By Julia Spicher Kasdorf
Among the first we learn is good-bye,
your tiny wrist between Dad’s forefinger
and thumb forced to wave bye-bye to Mom,
whose hand sails brightly behind a windshield.
Then it’s done to make us follow:
in a crowded mall, a woman waves, “Bye,
we’re leaving,” and her son stands firm
sobbing, until at last he runs after her,
among shoppers drifting like sharks
who must drag their great hulks
underwater, even in sleep, or drown.
Living, we cover vast territories;
imagine your life drawn on a map—
a scribble on the town where you grew up,
each bus trip traced between school
and home, or a clean line across the sea
to a place you flew once. Think of the time
and things we accumulate, all the while growing
more conscious of losing and leaving. Aging,
our bodies collect wrinkles and scars
for each place the world would not give
under our weight. Our thoughts get laced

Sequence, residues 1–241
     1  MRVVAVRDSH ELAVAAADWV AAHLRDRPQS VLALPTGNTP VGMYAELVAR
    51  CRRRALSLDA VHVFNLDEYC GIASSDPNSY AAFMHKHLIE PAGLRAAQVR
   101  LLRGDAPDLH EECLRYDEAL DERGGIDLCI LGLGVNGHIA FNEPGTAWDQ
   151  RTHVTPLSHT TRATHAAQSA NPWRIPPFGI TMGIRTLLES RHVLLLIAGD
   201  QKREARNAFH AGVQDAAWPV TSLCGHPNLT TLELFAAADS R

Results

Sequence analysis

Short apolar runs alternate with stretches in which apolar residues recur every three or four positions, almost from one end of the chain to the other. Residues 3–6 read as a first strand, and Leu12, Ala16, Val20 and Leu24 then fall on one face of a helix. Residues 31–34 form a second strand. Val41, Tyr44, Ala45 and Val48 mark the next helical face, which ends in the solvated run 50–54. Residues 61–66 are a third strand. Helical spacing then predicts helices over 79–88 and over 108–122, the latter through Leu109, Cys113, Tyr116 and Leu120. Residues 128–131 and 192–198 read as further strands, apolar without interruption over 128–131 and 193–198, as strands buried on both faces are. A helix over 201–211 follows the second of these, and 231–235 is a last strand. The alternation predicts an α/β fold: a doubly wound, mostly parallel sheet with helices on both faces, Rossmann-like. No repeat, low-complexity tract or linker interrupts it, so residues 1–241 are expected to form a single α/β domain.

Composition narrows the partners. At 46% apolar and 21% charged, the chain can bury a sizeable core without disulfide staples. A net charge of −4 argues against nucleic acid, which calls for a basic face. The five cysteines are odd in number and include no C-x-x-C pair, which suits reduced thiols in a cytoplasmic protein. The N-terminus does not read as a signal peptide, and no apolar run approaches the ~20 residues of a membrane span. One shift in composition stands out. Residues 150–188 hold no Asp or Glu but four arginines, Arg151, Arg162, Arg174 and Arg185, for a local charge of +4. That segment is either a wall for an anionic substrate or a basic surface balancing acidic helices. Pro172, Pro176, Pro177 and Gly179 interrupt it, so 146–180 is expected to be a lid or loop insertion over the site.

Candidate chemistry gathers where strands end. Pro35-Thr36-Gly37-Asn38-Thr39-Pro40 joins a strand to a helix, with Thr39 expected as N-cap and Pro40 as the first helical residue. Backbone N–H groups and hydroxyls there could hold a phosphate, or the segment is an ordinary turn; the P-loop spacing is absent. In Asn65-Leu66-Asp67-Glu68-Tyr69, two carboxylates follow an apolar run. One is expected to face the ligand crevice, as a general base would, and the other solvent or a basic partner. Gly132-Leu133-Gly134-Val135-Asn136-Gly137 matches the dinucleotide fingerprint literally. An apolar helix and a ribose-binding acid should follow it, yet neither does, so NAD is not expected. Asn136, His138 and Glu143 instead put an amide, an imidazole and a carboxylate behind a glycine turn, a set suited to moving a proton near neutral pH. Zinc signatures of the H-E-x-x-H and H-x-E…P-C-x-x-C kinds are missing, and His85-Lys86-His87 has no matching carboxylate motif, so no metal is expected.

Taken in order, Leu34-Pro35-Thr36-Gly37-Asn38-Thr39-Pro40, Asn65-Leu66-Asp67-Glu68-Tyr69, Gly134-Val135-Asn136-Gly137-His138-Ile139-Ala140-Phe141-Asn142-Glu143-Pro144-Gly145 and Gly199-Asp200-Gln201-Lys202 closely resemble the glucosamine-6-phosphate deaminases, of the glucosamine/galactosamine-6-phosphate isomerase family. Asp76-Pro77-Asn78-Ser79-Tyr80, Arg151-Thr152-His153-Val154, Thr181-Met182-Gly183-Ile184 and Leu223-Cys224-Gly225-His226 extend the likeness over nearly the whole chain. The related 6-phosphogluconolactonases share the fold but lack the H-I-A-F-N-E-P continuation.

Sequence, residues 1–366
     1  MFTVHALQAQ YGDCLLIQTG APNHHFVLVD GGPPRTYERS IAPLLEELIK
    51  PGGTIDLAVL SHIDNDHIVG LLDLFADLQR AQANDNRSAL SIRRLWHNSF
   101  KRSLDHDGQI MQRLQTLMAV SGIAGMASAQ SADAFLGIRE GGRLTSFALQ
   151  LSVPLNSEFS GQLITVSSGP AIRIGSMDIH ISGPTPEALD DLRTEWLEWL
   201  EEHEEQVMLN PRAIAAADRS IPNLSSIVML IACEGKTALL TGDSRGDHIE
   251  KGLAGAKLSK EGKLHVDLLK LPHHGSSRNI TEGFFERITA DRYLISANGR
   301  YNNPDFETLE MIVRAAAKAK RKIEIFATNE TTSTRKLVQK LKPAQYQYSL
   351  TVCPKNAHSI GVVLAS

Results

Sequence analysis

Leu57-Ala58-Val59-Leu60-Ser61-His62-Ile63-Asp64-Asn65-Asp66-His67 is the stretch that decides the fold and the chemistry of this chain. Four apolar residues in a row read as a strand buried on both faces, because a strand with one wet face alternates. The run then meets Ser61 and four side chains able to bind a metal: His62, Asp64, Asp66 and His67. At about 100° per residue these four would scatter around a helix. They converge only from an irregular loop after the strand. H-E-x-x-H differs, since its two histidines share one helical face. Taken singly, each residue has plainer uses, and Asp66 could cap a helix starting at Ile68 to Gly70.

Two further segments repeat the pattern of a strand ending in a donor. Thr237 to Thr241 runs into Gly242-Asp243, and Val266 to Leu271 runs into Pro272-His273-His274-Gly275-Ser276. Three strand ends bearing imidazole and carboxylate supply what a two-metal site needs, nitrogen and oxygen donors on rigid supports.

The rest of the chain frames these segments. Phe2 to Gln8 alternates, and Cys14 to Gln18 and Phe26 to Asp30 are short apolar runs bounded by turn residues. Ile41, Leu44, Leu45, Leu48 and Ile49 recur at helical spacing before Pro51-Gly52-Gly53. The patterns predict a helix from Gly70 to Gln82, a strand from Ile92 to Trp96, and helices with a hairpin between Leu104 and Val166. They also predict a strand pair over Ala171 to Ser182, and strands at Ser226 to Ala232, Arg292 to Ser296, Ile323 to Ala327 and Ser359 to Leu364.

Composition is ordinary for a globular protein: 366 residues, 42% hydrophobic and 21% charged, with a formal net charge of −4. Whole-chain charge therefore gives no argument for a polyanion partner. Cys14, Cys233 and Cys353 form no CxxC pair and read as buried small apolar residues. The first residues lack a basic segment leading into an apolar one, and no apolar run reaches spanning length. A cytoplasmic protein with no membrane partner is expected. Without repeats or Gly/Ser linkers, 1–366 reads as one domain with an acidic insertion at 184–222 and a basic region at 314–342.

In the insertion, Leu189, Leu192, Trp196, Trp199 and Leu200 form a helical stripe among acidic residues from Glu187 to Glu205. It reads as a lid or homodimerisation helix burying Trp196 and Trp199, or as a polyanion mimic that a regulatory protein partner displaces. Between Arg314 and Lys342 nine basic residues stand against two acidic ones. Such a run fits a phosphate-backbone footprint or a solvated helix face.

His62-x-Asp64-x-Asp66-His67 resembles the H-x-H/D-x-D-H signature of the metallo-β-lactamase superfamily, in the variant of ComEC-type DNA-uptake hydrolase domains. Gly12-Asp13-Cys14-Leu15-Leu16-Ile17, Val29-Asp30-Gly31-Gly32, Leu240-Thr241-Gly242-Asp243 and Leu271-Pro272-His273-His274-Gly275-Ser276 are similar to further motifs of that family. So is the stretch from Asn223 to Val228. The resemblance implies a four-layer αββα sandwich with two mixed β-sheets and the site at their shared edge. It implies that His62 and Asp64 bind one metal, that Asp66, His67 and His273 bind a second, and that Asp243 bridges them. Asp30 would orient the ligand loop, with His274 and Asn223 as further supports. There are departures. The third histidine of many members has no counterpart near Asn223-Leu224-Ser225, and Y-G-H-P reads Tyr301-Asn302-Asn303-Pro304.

with strange aches, sweet as the final chord
that hangs in a guitar’s blond torso.
Think how a particular ridge of hills
from a summer of your childhood grows
in significance, or one hour of light–
late afternoon, say, when thick sun flings
the shadow of Virginia creeper vines
across the wall of a tiny, white room
where a girl makes love for the first time.
Its leaves tremble like small hands
against the screen while she weeps
in the arms of her bewildered lover.
She’s too young to see that as we gather
losses, we may also grow in love;
as in passion, the body shudders
and clutches what it must release.